"Both past and future anthropogenic carbon dioxide emissions will continue to contribute to warming and sea level rise for more than a millennium, due to the timescales required for removal of this gas from the atmosphere."
For more IPCC excerpts see Hurricanes and Sea Level Rise.[top of page]
Washington, Oregon, Idaho and the Columbia River Basin
Climate Impacts Group (http://www.cses.washington.edu/cig/), "an interdisciplinary research group studying the impacts of natural climate variability and global climate change ("global warming") on the U.S. Pacific Northwest."
Colorado, Utah, Wyoming
Western Water Assessment (http://wwa.colorado.edu/index.html), which works "to identify and characterize regional vulnerabilities to climate variability and change" in the Intermountain West.
New Mexico, Arizona
CLIMAS: Climate Assessment for the Southwest (http://www.ispe.arizona.edu/climas/), "established to assess the impacts of climate variability and longer-term climate change on human and natural systems in the Southwest."
"Heat Invades Cool Heights Over Arizona Desert"
New York Times, March 27, 2007
The California Climate Change Portal (http://www.climatechange.ca.gov/), an entryway to a variety of information sources, including the 2006 report, "Our Changing Climate: Assessing the Risks to California."
The U.S. Environmental Protection Agency produced individual information sheets in 1998, presenting the agency's then-current assessment of past and possible future impacts of climate change in each state. PDF files can be downloaded here:
The U.S. National Assessment of the Potential Consequences of Climate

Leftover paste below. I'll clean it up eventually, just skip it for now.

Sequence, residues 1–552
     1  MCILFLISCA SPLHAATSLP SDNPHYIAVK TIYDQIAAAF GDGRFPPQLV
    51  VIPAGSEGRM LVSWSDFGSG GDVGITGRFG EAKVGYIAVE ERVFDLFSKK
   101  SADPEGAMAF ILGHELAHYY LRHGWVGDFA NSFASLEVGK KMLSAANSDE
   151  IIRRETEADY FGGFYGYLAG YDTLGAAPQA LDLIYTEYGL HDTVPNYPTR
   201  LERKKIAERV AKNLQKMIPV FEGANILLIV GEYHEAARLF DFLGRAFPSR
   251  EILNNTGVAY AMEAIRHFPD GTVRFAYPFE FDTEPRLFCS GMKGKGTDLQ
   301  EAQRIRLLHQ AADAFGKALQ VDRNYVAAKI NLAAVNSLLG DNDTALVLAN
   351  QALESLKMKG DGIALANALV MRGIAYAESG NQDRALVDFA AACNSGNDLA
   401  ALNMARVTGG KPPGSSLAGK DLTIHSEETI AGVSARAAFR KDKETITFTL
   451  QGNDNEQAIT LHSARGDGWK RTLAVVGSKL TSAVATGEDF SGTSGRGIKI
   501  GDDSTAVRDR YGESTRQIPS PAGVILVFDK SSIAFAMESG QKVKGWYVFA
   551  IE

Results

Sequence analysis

Variability and Change was published by the federal government in 2001. It included information for 19 regions and nine mega-regions of the country. Those regional reports can be downloaded here:
Climate and Farming.org, a website produced by Cornell University, the University of Vermont and other partners about climate change and Northeast agriculture, provides resources and links relevant to agriculture in other regions, too.
"Heat - The Number One Non-Severe Weather Related Killer in the United States"
provides detailed background information on heat waves. The article was published in
2006 in the National Oceanic and Atmospheric Administration's NOAA Magazine.
Examples of region-related research
Trends in Snowfall versus Rainfall in the Western United States
Knowles, N., et al. (2006)
Click here to download PDF: http://tenaya.ucsd.edu/~dettinge/jclim_rain_v_snow.pdf
Excerpt: "If warming continues and raises the mean winter wet-day minimum temperatures in more of the West above about -5C, snowfall declines (and rainfall increases), combined with earlier melting of the remaining accumulations of snowpack, will diminish the West's natural freshwater storage capacity. The shift from snowfall to rainfall also may be expected to increase risks of winter and spring flooding in many settings."
Declining Mountain Snowpack in Western North America
Mote, P., et al. (2005)
Click here to download PDF: